When you start with beadworking, it is recommendable, that you try a small and an easy design first.
When you have more experience, you can try a more difficult pattern.
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And when you have a lot of experience and make a lot of studies, you can even try to create a design, which is similar to an original one.
Sometimes it is helpful to go the same way in developing these skills as it evolved in history.
Before the beads were imported, porcupine quills were used to make ornaments which were rather simple, because this technique is quite difficult.
bagpipe with quillwork
bagpipe with beadwork
When the Native Americans got their first beads, they continued to make simple geometric designs like they used to do with quill before. After some time, they started to make new designs, which often reflect tribal differences.
When you have geometric designs, it is most likely from the Sioux or other Plains Nations, while floral designs are mostly found with the Woodland Tribes, e.g. the Ojibwa.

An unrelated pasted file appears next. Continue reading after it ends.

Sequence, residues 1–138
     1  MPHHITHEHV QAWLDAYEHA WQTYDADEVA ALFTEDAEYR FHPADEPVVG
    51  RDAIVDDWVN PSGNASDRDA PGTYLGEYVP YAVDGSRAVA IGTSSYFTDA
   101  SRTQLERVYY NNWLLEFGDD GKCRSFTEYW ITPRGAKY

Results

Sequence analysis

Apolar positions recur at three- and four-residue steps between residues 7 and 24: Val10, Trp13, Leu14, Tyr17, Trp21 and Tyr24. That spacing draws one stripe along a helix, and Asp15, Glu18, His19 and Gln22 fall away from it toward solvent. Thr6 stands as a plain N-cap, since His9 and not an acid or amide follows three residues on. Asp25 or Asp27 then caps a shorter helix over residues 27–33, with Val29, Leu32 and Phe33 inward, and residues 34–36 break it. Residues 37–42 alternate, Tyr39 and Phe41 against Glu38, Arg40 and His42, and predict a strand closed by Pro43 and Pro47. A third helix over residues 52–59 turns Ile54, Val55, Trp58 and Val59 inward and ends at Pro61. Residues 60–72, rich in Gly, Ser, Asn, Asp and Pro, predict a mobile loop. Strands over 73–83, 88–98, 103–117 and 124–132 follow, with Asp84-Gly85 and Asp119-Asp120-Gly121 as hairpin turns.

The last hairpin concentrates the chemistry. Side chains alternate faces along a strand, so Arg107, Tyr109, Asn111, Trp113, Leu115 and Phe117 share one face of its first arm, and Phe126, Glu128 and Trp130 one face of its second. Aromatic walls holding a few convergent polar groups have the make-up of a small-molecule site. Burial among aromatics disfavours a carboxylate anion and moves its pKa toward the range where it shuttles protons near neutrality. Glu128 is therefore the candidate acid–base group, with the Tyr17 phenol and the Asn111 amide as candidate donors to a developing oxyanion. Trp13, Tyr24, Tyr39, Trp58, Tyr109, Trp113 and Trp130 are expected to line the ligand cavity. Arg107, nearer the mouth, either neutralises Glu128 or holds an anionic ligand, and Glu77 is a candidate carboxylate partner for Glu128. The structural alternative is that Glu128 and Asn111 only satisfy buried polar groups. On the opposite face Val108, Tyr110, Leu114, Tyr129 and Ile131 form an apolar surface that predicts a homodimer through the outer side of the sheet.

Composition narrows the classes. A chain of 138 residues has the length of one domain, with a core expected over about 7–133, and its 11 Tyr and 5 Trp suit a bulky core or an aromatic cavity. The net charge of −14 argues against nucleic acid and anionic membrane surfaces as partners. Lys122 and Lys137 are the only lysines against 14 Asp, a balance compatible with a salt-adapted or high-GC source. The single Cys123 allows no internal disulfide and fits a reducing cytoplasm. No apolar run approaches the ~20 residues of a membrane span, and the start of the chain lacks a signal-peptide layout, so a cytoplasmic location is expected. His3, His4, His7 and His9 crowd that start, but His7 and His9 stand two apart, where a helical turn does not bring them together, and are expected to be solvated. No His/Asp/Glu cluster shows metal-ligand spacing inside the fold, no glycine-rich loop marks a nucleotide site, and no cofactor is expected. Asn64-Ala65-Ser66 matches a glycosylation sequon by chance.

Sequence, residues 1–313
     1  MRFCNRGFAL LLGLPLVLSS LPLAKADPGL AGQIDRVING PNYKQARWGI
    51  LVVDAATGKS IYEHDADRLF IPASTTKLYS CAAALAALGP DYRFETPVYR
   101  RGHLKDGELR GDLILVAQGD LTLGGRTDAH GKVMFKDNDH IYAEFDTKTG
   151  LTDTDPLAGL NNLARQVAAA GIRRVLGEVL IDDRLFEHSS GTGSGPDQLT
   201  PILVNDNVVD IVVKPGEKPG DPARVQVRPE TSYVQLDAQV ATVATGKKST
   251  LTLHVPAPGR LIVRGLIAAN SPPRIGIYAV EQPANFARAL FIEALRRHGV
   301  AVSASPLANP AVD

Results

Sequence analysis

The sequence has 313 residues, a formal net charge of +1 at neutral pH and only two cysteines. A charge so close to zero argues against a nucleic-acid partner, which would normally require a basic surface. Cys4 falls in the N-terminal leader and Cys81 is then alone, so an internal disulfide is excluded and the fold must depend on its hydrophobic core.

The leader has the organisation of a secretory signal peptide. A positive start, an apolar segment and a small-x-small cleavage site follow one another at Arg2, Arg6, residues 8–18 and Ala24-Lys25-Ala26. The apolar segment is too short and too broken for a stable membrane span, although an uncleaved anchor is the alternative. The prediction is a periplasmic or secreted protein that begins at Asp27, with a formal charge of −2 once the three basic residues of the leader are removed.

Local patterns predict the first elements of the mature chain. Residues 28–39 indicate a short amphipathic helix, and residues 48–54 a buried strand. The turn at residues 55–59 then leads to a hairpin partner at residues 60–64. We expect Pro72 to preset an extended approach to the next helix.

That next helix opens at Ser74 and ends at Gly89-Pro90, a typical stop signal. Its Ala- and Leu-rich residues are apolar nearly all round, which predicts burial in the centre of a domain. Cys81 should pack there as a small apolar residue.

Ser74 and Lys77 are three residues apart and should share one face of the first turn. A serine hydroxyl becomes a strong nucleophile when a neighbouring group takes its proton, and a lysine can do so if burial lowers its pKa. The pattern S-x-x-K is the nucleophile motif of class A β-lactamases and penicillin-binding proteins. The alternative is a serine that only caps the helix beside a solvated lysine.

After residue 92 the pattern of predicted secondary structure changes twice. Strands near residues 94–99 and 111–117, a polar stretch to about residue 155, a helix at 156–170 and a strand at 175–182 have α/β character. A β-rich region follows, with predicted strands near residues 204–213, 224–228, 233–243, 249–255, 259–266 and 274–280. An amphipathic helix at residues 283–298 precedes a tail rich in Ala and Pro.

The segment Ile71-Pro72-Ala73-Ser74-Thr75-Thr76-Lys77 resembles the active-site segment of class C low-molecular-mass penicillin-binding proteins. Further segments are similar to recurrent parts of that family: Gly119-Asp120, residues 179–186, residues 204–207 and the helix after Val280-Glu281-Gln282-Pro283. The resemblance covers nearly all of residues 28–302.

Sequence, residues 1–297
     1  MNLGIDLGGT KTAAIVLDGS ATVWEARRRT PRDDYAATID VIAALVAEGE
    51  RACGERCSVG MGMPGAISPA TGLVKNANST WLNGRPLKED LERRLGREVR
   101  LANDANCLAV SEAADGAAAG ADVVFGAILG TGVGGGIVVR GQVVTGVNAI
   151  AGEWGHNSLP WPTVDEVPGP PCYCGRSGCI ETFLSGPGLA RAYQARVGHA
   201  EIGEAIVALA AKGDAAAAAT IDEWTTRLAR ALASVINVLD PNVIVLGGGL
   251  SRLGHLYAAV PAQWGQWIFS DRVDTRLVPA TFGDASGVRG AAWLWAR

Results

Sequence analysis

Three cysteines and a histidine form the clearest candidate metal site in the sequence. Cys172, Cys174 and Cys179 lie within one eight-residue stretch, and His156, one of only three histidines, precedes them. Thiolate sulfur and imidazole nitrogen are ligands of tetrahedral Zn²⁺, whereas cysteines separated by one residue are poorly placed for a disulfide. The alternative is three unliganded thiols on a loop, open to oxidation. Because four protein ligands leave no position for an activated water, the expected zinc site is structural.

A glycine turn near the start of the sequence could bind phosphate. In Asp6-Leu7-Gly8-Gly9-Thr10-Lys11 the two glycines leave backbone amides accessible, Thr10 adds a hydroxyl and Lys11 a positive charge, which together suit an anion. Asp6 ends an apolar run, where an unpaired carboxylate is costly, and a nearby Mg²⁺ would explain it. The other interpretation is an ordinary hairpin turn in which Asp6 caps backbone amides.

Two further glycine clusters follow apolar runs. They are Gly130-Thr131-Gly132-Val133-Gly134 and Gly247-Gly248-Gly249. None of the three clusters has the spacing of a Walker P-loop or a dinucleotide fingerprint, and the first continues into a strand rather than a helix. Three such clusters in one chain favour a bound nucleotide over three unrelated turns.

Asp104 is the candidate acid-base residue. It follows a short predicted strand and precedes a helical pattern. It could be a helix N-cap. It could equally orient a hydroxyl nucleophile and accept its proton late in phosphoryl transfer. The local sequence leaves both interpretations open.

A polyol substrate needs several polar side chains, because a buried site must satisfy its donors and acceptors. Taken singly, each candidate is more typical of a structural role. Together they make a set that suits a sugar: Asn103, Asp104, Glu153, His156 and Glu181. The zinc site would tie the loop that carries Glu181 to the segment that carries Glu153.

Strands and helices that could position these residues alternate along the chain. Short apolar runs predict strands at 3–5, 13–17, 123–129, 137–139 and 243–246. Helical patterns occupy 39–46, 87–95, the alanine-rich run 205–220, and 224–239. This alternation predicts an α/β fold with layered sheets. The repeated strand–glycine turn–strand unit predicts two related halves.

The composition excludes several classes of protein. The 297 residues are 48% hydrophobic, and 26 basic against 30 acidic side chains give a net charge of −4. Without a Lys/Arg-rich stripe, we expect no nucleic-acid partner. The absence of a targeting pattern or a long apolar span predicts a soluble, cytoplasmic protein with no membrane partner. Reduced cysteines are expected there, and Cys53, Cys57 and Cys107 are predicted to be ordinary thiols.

But you have to be very careful about "attaching tribal labels" to the designs. You could find for instance Crow beadwork with a Shoshone man, which he may have gotten through trading.
When a design is created, it might as well have a personal significance like seen in a vision quest and so on. But it is also possible, that the craftsperson just made the design up and it means nothing.
But there is one thing you should bear in mind: a beadwork design is in the Western way of thinking considered as personal property of the creator. If you find one that you would like to use for yourself, it is proper to ask for permission to borrow it. You should thank the craftsman with an unsolicited gift when your project is finished. If you would like to use a design that comes e.g. from the Sioux, but you have no idea who created it, you should at least study and learn about the people and so attempt to understand how that design was developed.